My mother singing “Tora Lora Lora,”
the Irish lullaby even though we were Brooklyn Jews.
The vacuum on the shag carpet. The singular birch
shaking over the hapless window sill. The humming refrigerator.
The chants encasing me in each swayed note as I wrapped
my thin arms around my cold chest in the cavernous synagogue.
The creak of the swing as I turned horizontal, defying gravity
in the static of the transistor radio. The loud slap on the bass notes
of the body that make bruises, then the slow breath
pacing in and out until the danger is gone.
All the possibilities in each library novel about a girl,
afraid at the start, but about to do something
to swirl the calm pond of my life.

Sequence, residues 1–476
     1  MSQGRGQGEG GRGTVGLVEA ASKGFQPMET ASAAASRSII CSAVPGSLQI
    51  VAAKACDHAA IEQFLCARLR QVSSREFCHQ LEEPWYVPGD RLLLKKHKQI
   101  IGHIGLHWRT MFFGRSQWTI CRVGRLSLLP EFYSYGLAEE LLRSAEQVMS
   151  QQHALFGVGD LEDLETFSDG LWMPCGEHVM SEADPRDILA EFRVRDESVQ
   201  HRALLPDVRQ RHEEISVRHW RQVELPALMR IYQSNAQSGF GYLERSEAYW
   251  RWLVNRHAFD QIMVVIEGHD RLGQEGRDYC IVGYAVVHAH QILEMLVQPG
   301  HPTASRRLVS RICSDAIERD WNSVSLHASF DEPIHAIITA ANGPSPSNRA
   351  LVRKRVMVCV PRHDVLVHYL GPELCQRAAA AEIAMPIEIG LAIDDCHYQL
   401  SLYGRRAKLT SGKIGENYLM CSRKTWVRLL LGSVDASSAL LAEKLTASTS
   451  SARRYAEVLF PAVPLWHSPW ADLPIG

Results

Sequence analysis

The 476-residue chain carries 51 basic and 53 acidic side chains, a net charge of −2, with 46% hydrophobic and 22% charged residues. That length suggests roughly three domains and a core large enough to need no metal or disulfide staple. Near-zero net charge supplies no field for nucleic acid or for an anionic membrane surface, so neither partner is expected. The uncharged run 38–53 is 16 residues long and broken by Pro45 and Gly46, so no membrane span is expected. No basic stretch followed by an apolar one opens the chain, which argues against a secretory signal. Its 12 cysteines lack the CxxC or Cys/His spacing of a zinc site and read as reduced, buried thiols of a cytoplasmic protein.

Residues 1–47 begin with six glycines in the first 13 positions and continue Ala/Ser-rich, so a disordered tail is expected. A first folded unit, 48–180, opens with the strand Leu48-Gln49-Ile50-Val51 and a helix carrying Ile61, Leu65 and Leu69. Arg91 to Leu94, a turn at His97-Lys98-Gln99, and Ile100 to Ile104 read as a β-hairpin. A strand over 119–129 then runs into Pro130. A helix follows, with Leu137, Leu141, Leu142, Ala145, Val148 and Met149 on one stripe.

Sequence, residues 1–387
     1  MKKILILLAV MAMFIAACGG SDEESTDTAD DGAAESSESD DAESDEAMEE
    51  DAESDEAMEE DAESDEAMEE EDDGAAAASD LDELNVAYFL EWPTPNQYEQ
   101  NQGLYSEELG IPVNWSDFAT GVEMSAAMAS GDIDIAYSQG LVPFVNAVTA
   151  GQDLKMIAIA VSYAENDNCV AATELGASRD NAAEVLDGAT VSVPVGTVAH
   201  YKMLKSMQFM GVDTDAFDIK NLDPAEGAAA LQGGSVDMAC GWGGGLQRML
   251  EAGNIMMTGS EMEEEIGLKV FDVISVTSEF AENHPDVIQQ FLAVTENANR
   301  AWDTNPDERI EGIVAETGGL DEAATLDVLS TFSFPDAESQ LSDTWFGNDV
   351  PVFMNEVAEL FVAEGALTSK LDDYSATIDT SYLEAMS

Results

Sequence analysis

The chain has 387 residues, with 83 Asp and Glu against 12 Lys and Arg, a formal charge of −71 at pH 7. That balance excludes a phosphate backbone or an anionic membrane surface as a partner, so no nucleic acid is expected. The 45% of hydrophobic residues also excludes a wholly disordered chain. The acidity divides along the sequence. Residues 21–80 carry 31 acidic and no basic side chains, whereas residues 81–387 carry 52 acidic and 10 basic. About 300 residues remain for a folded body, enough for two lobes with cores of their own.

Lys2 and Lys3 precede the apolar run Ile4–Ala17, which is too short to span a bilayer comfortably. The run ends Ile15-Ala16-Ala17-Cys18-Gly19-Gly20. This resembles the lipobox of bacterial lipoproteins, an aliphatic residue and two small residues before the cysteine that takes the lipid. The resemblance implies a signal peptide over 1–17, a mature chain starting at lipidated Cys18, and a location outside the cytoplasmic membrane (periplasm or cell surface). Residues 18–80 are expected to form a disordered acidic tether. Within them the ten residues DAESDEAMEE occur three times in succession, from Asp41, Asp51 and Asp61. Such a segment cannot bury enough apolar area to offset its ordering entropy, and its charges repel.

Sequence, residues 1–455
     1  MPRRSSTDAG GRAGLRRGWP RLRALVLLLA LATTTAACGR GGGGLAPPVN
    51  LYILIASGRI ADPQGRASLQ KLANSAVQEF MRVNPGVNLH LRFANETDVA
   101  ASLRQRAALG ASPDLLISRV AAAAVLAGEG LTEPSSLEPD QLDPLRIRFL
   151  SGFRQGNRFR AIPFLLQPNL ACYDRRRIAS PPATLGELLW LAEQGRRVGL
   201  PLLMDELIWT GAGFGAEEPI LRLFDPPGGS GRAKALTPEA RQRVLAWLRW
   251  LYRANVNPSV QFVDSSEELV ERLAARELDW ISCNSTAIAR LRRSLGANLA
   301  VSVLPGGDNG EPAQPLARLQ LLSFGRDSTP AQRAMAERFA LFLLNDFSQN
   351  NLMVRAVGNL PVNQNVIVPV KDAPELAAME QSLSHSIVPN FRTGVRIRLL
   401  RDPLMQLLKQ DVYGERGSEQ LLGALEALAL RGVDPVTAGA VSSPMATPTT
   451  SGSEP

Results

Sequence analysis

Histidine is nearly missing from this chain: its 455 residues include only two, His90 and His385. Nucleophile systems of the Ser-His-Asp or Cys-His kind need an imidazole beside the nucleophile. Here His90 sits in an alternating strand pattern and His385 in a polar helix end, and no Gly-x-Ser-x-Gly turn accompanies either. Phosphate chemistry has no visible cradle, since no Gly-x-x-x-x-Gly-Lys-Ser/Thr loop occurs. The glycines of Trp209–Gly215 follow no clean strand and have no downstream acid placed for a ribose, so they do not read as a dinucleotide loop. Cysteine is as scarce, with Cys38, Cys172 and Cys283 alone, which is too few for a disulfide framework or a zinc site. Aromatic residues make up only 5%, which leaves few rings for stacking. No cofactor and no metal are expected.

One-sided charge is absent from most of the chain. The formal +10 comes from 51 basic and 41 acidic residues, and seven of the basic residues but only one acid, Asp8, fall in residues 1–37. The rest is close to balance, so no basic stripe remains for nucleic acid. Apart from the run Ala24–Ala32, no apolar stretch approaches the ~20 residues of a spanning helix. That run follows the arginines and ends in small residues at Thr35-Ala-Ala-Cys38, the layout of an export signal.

The first kiss in the back of the school bus broken by applause.
The sound of thunder, an interior roar like hunger.
The old staccato of my father's anger
before it dissolved into the tenderness of defeat.
The way some mornings rev up like motorcycles
coming point blank toward us. The exhaling speed
of rivers, starving for new ground, or betrayed
by sudden shorelines that break the water
toward remembering willows.
Bike tires on wet pavement, downhill at dawn.
The happy rhythm of the subway rocking my spine
in and out of alignment with the dark,
tunneling through water back to air,
the miracle of one rushing animal carrying us all.
This buzzing body ferrying millions of cells into sound.
Caryn Mirriam-Goldberg, Ph.D., 2009-13 Kansas Poet Laureate is the author of two dozen books, including, most recently, Miriam's Well, a novel; Everyday Magic: A Field Guide to the Mundane and Miraculous, and Following the Curve, a collection of embodied poetry. Founder of Transformative Language Arts at Goddard College where she teaches, Mirriam-Goldberg also leads writing workshops widely. www.CarynMirriamGoldberg.com